As Uttara had no ill will towards Sirima, the boiling butter poured over her head by Sirima was just like cold water. Then Sirima thought the butter must have gone cold; and as she went for another ladleful of boiling butter, the attendants of Uttara fell upon her and beat her hard. Uttara stopped her attendants and instructed them to rub Sirima with medicinal ointment.
Then, Sirima remembered her true position and she regretted that she had done wrong to Uttara and asked Uttara to forgive her. To her Uttara replied, "I have my father; I shall ask him whether I should accept your apology." Sirima then said that she would readily go and apologize to the rich man, the father of Uttara. Uttara then explained to Sirima, "Sirima,. when I said 'My father', I did not mean my real father, who had brought me into this round of rebirths. I was referring to my father, the Buddha, who had helped me break the chain of rebirths, who had taught me the Dhamma, the Noble Truths." Sirima then expressed her wish to see the Buddha. So it was arranged that Sirima should offer alms-food to the Buddha and the bhikkhus on the following day at the house of Uttara.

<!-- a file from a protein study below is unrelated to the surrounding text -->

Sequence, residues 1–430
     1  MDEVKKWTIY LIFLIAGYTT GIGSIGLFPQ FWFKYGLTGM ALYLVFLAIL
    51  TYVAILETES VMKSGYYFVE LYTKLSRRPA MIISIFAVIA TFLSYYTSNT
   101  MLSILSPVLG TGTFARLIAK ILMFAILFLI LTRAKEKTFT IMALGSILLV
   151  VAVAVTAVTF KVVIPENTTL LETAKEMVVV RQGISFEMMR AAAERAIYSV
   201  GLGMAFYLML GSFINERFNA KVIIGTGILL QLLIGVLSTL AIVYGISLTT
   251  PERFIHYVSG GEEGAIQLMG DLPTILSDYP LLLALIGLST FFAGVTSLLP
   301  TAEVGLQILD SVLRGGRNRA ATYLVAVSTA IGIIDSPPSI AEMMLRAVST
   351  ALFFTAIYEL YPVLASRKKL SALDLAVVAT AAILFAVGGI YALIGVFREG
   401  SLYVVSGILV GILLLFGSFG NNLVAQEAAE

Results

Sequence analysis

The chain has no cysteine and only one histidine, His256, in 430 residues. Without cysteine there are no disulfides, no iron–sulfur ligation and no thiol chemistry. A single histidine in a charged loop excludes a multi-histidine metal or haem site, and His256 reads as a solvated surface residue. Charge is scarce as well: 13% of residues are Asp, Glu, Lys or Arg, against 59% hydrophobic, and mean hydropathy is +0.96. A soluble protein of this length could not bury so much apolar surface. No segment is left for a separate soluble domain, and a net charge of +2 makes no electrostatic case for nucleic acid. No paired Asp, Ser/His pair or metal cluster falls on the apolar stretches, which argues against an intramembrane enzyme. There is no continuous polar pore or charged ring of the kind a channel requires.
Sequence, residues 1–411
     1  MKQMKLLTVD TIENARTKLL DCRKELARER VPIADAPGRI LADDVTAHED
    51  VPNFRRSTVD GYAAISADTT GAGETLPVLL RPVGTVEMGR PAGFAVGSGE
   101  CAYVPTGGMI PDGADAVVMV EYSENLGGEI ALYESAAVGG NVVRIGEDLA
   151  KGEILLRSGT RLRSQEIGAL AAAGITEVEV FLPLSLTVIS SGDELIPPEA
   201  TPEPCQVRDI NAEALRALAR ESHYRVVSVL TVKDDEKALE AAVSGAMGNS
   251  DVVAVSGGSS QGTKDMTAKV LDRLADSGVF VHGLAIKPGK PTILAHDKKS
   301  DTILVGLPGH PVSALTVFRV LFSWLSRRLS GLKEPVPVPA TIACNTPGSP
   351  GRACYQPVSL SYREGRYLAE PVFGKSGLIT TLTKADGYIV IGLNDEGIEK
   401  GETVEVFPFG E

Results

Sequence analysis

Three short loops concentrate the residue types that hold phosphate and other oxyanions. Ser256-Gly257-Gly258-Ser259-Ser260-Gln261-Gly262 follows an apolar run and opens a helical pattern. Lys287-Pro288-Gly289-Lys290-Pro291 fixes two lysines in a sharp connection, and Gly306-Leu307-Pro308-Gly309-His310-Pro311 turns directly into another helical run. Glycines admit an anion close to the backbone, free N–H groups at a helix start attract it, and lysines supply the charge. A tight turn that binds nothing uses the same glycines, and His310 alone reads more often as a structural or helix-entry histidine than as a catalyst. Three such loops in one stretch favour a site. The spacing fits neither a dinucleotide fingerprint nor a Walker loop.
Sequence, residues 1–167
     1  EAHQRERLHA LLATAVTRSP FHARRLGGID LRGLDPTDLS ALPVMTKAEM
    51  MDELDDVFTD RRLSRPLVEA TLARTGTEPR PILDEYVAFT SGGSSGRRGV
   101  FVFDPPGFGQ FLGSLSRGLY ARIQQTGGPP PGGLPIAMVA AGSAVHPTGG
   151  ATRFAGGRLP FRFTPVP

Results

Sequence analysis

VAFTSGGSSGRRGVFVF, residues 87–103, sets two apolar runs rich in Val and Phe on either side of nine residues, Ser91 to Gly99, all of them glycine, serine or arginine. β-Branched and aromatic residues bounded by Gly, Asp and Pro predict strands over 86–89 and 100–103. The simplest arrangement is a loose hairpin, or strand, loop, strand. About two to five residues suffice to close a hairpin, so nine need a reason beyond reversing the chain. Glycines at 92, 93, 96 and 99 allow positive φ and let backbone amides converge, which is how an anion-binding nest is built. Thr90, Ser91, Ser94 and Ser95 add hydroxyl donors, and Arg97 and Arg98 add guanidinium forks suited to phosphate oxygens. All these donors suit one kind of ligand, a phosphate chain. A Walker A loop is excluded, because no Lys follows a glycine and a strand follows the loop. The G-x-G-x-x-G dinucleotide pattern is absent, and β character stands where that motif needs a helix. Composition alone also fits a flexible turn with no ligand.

After the meal, the Buddha was told everything that had happened between Sirima and Uttara. Sirima then owned up that she had done wrong to Uttara and entreated the Buddha that she should be forgiven, for otherwise Uttara would not forgive her. The Buddha then asked Uttara how she felt in her mind when Sirima poured boiling butter on her head, and Uttara answered, "Venerable Sir, because I owed so much to Sirima I had resolved not to lose my temper, not to bear any ill will towards her. I sent forth my love towards her". The Buddha then said, "Well done, well done, Uttara! By not bearing any ill will you have been able to conquer one who has done you wrong through hate. By not abusing, you should conquer one who abuses you; by being generous you should conquer one who is stingy; by speaking the truth you should conquer one who tells lies."
Then the Buddha spoke in verse as follows:
Verse 223: Conquer the angry one by not getting angry (i.e., by loving-kindness); conquer the wicked by goodness; conquer the stingy by generosity, and the liar by speaking the truth.
At the end of the discourse Sirima and five hundred ladies attained Sotapatti Fruition.
Love Buddha's dhamma,